The only way I could make things work was to piece together a full one side back bodice panel and to add a horizontal waist seam to what had been intended as a smooth center front.  The print is complex I do not think the extra seams are noticeable but I know they are there, nonetheless (well, so do you now).  The center dress panel change especially makes me a bit sad (seen or not) because I loved the streamlined look of it with one-piece, streamlined, princess-style drafting as on the original design.  Not too shabby of a compromise, though, and at least the lining was cut properly without extra seams!  Granted, every piece was butted up against one another when laid out, so it’s a lucky thing I did not have to grade up in size at all.  The skirt had to be shortened by about 5 inches and the kick pleat eliminated to make things work, so I was literally left with nothing but tiny triangles of scraps leftover.  Although stressful, even mind stretching, it feels so good to be super-efficient and determined with a project idea!  If there’s a will, there’s a way, as the saying goes.

I am glad I had put off tackling this sewing project until now when my sewing skills are where they are at.  The overall dress was not hard to make.  It was the detail points that were the challenge, which was a difficult one that I have not had in a while.  Luckily, I had some practice ahead of time to help me out on the trickier spots of this dress.  A few of the projects I have made already have had some of same the details I encountered in making my red roses dress when all of them were in one project.  The underarm bodice panel/kimono sleeve combined into one element reminds me very much of my 1955 Redingote, as does the belt attached in at a front waist dart.  The side paneled bodice shaping is just like on my recent 70’s style Burda jumper.  The pleats which cover up a seam, like the ones at my waist, are call to mind the pockets on my “Spring Green” Easter suit of 1954.  It is good to challenge oneself, but at the same time I want to stress it is beneficial to work up to that scary hard pattern by finding projects ahead of time which prepare your skills for a successful turnout.  A fruitful finished sewing creation makes all the difference in confidence and estimation of worth in time and effort.

The bodice panels turned out the best I’ve ever done yet, happily, thanks to knowing what to expect.  I do love the way such a design element in the garment provides the best ever shaping for ones bodily curves, besides being the most comfortable form of a kimono sleeve…better than one with underarm gussets.  Look for something similar to try for yourself – you will love the way it wears!  Only, I thought the bust for this pattern ran large until I put on the period-appropriate longline bustier.  Then, suddenly I had that curvaceous 50s figure and a perfect fit that put me in awe.  So, a word of warning – in a 50’s pattern, beware that their curving accounts for more than what modern women are used to with the lingerie of today.  Unless you are willing to try a different style of underwear, or unless you find such a design element in a pattern from another decade closer to now, the wonderful shaping which you will find with a bodice panel/kimono sleeve combo might be more than you expect.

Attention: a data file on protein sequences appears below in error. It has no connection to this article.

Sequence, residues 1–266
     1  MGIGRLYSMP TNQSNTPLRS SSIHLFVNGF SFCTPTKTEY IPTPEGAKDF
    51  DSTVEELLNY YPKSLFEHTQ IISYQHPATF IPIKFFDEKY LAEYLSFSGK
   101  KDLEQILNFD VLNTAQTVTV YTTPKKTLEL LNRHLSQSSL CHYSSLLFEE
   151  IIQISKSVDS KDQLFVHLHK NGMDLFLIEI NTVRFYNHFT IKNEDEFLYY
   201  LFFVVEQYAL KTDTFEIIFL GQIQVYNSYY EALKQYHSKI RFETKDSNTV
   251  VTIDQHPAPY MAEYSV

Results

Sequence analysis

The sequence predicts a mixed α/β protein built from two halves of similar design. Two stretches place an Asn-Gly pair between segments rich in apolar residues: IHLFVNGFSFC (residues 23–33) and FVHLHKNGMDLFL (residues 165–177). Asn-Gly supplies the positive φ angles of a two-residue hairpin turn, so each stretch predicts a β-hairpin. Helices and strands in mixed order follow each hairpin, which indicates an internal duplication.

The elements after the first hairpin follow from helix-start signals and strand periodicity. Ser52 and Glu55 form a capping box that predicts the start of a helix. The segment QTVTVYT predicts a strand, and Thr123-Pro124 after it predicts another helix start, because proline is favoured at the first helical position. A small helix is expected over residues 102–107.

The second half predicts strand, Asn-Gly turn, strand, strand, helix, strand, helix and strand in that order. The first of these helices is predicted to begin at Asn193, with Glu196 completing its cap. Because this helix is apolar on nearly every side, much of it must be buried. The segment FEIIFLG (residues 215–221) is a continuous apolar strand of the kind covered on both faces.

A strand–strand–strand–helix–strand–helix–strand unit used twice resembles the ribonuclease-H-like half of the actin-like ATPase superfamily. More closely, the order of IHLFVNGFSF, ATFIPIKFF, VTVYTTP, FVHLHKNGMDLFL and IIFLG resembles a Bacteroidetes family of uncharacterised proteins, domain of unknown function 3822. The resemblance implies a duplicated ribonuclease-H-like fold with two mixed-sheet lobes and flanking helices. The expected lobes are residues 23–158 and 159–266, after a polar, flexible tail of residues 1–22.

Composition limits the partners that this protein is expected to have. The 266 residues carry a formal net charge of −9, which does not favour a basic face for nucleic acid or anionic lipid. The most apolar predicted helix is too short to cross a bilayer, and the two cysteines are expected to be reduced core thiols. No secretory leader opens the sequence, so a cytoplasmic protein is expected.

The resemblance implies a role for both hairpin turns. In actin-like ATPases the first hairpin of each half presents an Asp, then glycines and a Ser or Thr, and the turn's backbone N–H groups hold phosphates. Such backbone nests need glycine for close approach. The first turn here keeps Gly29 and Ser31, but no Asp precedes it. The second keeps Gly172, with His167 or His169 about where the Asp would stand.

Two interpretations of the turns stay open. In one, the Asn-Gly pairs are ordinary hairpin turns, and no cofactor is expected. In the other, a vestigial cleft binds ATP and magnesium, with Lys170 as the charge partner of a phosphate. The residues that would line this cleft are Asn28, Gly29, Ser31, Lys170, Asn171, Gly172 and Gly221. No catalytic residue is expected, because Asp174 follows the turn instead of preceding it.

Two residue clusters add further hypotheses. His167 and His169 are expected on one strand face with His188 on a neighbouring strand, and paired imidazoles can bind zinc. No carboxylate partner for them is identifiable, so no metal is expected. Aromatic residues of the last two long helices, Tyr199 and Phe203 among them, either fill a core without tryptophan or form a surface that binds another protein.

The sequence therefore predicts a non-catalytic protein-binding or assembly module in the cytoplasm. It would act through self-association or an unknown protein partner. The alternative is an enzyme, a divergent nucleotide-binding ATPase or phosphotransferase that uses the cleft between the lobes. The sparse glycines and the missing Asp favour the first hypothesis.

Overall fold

Those front waistline pleats where the belt is attached were the toughest part to tackle.  It took me about 4 attempts to figure them out correctly…but just look at them!  They remind me of the interesting pleats which can be found on some 50’s or maybe 60s couture garments.  Two of the pleats that provide the slight hip poufiness are angled out and folded down.  The pleat that encloses the belt and bodice side panel seam is perfectly vertical and folded towards the other two pleats away from the center front…so confusing on paper but awesome finished properly.  The fabric makes it really hard to photograph these details as clearly as I see them.